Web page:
Got a number of things about which I want to blog. Many of them in notes/outline form. Might have to wait a bit.
But one thing which keeps coming up is the notion of playfulness. Been blogging about it a bit over the years, especially since this February 2006 post which was connected with my teaching. The next day, I was posting a short entry in French about playfulness in music. Music playing in the strongest sense. Free play.
That was over two years ago. Flies are being timed.
Still thinking about playfulness quite a bit. In music, learning, technology…
What I mean by playfulness is rather simplistic, but it works: free, undirected, aimless, open behavior. Acts of playfulness, in my mind, appear not to be goal-oriented nor competitive. Extremely low stakes. Failure isn’t even registered. No evaluation whatsoever. The opposite of performance, to go back to performance theory which inspired part of that first entry.
Of course, my notion of playfulness might be different to that of many of the people who work on and “play with” games. Some people conceive of fun as embedded in competition. As I’m personally not very competition-driven, my conception and perception are different.
I’m neither a game theorist nor an avid gamer. At best, I’d be labelled as one of those “casual gamers” game developers are finally trying to reach. So: I’m no expert. But I do enjoy discussions of playfulness facilitated by those who work on game. Thanks in part to the video game industry, playfulness is making its way into the technology/education confluence as well as in corporate circles.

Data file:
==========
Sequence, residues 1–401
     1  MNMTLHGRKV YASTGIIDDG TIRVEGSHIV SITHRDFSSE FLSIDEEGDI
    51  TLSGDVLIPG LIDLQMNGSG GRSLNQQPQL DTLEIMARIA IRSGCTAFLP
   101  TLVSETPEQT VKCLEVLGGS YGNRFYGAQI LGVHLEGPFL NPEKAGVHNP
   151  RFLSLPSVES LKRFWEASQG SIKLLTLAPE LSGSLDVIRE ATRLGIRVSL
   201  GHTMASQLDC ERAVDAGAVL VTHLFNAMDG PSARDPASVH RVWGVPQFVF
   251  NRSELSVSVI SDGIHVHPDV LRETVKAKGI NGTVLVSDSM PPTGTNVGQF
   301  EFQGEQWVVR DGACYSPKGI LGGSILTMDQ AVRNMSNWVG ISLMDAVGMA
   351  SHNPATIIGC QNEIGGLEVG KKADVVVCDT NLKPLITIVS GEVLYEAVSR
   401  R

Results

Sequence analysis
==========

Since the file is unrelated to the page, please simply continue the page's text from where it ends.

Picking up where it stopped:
Some recent things I’ve thought about in terms of playfulness.
Playing music on Touch devices or other handhelds. My French post on “easy musicking” mentioned Electroplankton. Other forms of handheld musicking:
- Bhajis Loops
- Used it for a while on a Clié NX70V
- Jam Sessions
Can’t help but think that handheld music can really “spring up,” especially in terms of casual musicking. With the release of the software development kit for Apple’s Touch devices, there’s mindshare for handhelds as ultimate interface.
Of course, music games are gaining attention and people are jumping on the bandwagon. After all, music games may mean big business. Usually, I blog about music at Critical World or at my ethnomusicology course blog. Here, I’m mostly thinking about playfulness. And music games aren’t really playful in my sense of the term. Too competitive.
In terms of playful learning, I’ve been thinking quite a bit about “playing with data.” In part thanks to Gapminder, that I just discovered through Google Spreadsheets (even though Gapminder’s Trendalyzer software has been acquired by Google over a year ago). In my mind, Hans Rosling’s 2006 and 2007 TED presentations about Gapminder really capture the spirit of playful learning. Especially in connection to critical thinking, open-mindedness, creativity, and cultural awareness. (Anthro FTW!)
Now, if I could only get paid to do a project on using Touch devices for playful musicking in learning contexts…